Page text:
Mr. Darcy, Mr. Knightley, Captain Wentworth…Mr. Delamere?

One detail of Loraine Fletcher’s introduction to Emmeline stood out to me more than any other: Emmeline “delighted” and influenced a young Jane Austen (9, 35). After reading this, I began to see Austen nearly everywhere in Smith’s novel—nearly everywhere, that is, except for in Smith’s cast of male characters.

If Austen is well-known for her plucky and admirable female heroines (something she acquired from reading Smith?), she is perhaps just as famous for penning leading men who deserve such ladies. It seems doubtful, however (at least thus far in my reading), that this is also something she learned from Smith: while Smith writes virtuous and engaging female characters (Emmeline herself, Mrs. Stafford, Augusta Delamere, and even to an extent Lady Adelina), nearly all the men who have made an appearance in Emmeline are rakes (Mr. Stafford, Mr. Trelawny), wimps (Mr. Elkerton), of questionable character (Fitz-Edward), or just downright unlikable (Mr. Rochely, the three Crofts men). Emmeline might as well be subtitled something like “Good Women and the Men Who Don’t Deserve Them By a Long Shot.” In fact, the only two men who seem worthy at all of the beautiful and virtuous women they marry are scarcely mentioned and are never even allowed to speak: Lord Westhaven, who marries Augusta Delamere (211), and Lord Clancarryl, who marries Lady Adelina’s older sister (217, 224).

There is undoubtedly a crisis of male virtue in Smith’s novel, which is evidenced by a brief exploration of any of the aforementioned men (with the exception of the last two). However, this portrayal of unworthy, vicious, and ridiculous men becomes somewhat complicated as we become more acquainted with Fitz-Edward and Mr. Delamere. Mr. Fitz-Edward, though at his initial introduction the narrator assures us that “his heart was not originally bad” (68) comes across as a rather slimy and ingratiating character, easily willing to be two-faced if necessary for his own purposes (99-100, 132) and too pleased with his own ability to be pleasing to be truly sincere (87). The account of his adulterous involvement with Lady Adelina (225-231) confirms any suspicion about his character not being wholly virtuous. And yet, the remorse he feels for his part in the affair (243-45), his willingness to atone for it by delivering himself to her brother, whom he does not doubt with act harshly though with perfect justice towards him (245-46), and the plans to provide for his illegitimate child as well as the joy with which he receives his son (245, 286) seem somewhat to redeem him. Whether this redemption of character will be of a permanent nature is yet to be discovered.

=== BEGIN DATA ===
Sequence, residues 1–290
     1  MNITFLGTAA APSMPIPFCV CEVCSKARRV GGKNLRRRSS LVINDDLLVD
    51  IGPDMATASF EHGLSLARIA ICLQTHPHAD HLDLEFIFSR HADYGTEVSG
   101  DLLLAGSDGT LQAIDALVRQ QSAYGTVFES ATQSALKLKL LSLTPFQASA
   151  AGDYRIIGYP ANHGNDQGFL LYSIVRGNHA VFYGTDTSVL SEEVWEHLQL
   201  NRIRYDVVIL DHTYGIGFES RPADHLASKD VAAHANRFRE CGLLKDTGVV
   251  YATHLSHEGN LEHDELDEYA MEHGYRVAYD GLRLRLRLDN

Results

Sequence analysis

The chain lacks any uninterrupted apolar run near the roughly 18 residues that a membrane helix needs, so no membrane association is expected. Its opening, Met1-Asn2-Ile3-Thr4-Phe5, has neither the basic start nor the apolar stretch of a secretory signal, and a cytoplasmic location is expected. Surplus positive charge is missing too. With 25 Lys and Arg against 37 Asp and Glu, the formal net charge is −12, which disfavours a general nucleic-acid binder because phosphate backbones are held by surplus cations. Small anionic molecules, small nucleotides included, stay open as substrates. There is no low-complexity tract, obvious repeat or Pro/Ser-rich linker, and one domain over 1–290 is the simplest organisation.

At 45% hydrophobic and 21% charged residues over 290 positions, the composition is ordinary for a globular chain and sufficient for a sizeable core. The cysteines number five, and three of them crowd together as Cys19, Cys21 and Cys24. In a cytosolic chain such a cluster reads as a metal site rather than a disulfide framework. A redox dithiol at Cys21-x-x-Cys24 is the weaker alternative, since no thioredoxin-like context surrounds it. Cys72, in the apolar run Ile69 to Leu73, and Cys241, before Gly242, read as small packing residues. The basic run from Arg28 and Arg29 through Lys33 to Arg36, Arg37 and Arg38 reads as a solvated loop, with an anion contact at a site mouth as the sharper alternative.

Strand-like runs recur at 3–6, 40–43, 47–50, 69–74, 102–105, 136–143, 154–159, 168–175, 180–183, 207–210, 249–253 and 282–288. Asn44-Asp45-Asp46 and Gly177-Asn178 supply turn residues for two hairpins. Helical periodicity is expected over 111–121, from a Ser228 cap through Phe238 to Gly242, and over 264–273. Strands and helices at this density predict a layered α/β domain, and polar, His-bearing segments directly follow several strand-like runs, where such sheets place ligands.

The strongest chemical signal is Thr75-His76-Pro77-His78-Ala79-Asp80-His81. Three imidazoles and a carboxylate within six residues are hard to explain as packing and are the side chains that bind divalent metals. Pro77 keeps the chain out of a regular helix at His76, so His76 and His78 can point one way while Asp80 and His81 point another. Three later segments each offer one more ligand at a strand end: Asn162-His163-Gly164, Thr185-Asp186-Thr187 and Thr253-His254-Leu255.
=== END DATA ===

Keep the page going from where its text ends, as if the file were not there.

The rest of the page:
Mr. Delamere, on the other hand, seems to be regressing rather than progressing in virtue. Introduced as spoiled, impulsive, passionate, and quick-tempered (68), he is nevertheless the closest thing the novel has to a “hero” for much of the story. Moreover, his sudden and unassailable attachment to Emmeline (whose virtue, beauty, and understanding make her admirable) seems to be evidence of his good taste—as does his disdain for his mother’s excessive pride (117, 170) and for the scheming of the Crofts (117). Once I was assured that Delamere’s love for Emmeline is indeed sincere, I wanted to believe that he could grow to deserve her.  But affront after affront (intrusion into her bedroom while at the castle, 71; tracking her to Swansea, 83, and then to Mrs. Ashwood’s, 121; most of all his abduction of her from Mrs. Ashwood’s, 167), though made in the name of his passionate love for Emmeline, represent chance after chance he has had to reform and fails to do so. The brief time he spends under a false identity raised my hopes that, being under necessity of assuming a new identity, he might reflect on his “old self” and change his behavior. He even makes the decision to reform following the advice of Emmeline (184-85), yet repeatedly finds himself “unable to adhere to the good resolutions he had made” (188; also 257). This, indeed, seems to be his reigning vice: an inability to master his passions and execute the resolutions he makes while in a more reasonable frame of mind. One can only hope that for the sake of our heroine, he finds the strength to reign in his temper and his imagination, or that he eventually realizes he can no longer abide by his resolution to marry her.   

In Which a Reader Discusses Arabella’s Fondness of the Language of Romance